Like many school, district, and network leaders, the Partnership Schools’ network team are beginning to plan for the start of the next school year.
While there remain serious questions about how we will serve students while ensuring the health and safety of our schools communities, one thing is clear: no matter how effectively schools adapted to the challenges of distance learning, more students than ever will begin the new school year with learning gaps. And, as is too often the case, those students who faced the most significant challenges before the pandemic began will be the ones most impacted by the loss of in-class instruction.
Across Partnership Schools, as our school communities work together to plan for an uncertain future, this much is already clear: our approach to filling student learning gaps will continue to center all classrooms on a coherent, knowledge-building curriculum, and all students will engage with rigorous, grade-level content.
The reality is that, across our seven Partnership Schools, we must reckon every year with the challenge of students with tremendous potential who come to us behind grade-level. So while the scale of the problem may be new this year, making up for lost learning is something our schools already face. And seven years of New York State Test gains have taught us a key lesson in that effort: a knowledge-rich, carefully sequenced curriculum taught with fidelity best serves students, even those who have more ground to gain at the start of a school year.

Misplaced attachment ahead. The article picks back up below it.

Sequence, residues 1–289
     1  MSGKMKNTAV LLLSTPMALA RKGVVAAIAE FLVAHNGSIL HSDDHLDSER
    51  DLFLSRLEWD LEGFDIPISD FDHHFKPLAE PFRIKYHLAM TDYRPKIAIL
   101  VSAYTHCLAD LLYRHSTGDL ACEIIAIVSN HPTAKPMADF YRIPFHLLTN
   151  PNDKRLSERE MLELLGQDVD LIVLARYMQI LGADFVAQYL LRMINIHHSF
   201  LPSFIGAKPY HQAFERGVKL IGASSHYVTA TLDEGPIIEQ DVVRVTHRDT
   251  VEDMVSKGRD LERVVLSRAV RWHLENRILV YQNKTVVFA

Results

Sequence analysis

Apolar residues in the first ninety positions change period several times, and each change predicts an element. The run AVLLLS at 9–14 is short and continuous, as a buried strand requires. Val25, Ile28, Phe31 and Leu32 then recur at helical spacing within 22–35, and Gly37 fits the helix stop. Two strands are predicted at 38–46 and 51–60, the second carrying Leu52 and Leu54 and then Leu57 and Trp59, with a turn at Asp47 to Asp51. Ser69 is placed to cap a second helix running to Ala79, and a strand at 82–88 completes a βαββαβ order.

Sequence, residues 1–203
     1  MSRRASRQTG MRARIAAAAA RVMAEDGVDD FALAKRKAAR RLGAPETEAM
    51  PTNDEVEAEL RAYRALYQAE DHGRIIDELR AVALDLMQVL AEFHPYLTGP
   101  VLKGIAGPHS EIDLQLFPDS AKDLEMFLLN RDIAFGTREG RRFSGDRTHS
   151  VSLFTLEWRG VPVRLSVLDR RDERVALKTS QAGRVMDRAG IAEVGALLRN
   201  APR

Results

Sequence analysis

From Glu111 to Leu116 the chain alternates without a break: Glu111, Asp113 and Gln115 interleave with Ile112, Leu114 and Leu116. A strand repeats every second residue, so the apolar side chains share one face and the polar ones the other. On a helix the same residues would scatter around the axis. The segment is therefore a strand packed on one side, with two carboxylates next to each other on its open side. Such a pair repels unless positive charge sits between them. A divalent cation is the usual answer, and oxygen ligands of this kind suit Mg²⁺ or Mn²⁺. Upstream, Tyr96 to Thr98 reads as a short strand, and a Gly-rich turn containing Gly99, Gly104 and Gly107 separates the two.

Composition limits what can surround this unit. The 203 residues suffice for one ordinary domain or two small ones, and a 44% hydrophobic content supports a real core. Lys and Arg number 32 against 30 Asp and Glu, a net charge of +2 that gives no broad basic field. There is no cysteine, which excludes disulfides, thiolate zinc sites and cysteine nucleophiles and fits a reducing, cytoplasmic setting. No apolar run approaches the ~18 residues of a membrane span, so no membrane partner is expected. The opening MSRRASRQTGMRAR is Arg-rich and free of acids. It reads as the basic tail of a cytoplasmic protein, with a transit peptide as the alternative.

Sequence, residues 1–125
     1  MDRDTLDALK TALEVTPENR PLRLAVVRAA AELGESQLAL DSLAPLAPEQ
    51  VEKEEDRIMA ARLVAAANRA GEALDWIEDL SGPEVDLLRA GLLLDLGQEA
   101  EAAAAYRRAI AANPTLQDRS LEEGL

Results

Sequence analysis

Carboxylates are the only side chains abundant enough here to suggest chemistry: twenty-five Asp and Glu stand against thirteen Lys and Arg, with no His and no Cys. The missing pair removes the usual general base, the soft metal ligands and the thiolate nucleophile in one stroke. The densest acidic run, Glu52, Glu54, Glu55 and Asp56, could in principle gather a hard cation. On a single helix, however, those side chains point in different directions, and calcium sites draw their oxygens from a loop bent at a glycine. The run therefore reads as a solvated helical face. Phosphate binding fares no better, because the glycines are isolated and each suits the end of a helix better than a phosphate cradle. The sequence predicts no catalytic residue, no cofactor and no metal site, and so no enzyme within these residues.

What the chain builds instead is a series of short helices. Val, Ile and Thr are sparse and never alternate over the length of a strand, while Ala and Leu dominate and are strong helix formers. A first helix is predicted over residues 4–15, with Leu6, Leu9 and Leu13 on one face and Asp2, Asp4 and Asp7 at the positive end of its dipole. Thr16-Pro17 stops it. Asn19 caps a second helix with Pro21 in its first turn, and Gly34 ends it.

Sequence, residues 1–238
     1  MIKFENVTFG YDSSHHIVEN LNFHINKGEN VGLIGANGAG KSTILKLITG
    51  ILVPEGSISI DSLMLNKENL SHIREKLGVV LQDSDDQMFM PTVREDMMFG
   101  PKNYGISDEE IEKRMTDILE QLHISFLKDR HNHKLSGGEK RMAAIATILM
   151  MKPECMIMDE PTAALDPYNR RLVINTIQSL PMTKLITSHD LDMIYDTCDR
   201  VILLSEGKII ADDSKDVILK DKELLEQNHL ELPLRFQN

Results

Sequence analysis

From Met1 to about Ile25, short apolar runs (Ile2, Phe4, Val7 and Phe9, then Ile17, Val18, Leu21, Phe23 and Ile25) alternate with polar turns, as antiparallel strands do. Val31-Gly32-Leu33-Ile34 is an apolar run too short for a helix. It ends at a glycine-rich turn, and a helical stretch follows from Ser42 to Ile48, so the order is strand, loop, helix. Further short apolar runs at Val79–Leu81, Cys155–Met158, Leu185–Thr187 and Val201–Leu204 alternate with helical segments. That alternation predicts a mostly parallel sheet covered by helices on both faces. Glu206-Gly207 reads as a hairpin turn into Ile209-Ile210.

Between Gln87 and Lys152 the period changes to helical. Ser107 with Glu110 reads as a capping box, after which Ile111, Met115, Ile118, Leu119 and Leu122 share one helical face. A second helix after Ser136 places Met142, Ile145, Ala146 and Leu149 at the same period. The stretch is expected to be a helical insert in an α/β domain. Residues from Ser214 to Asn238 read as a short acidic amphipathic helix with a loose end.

We are not alone. Particularly in reading, compelling research by Tim Shanahan, Lisa Trottier Brown and others suggests that providing students challenging texts taught with the right supports drives gains better than trying to match or lower grade level.
The positive impact of maintaining ambitious curriculum in the wake of learning gaps is likewise reinforced by the experiences of New Orleans schools in the wake of Hurricane Katrina; as Paul Hill notes for the the Center for Reinventing Public Education, “Elementary schools that emphasized skill recovery found that students scored poorly on state accountability tests—poorly enough to threaten charter schools’ existence. A consequent re-emphasis on grade-level instruction improved score performance.”
As Hill cautions, New Orleans educators remained concerned about learning gaps even as they saw score performances improve. And no educator in our network is committing to grade-level instruction for next year without a sense of the challenges involved. Starting the year with grade-level curriculum is absolutely not the only measure we are envisioning to help our students achieve on the level that we know their abilities and aspirations demand.
Yet just as a knowledge-rich curriculum has been our “north star” during distance learning, we know that it is the fixed point around which our other efforts will move once next year’s classes begin.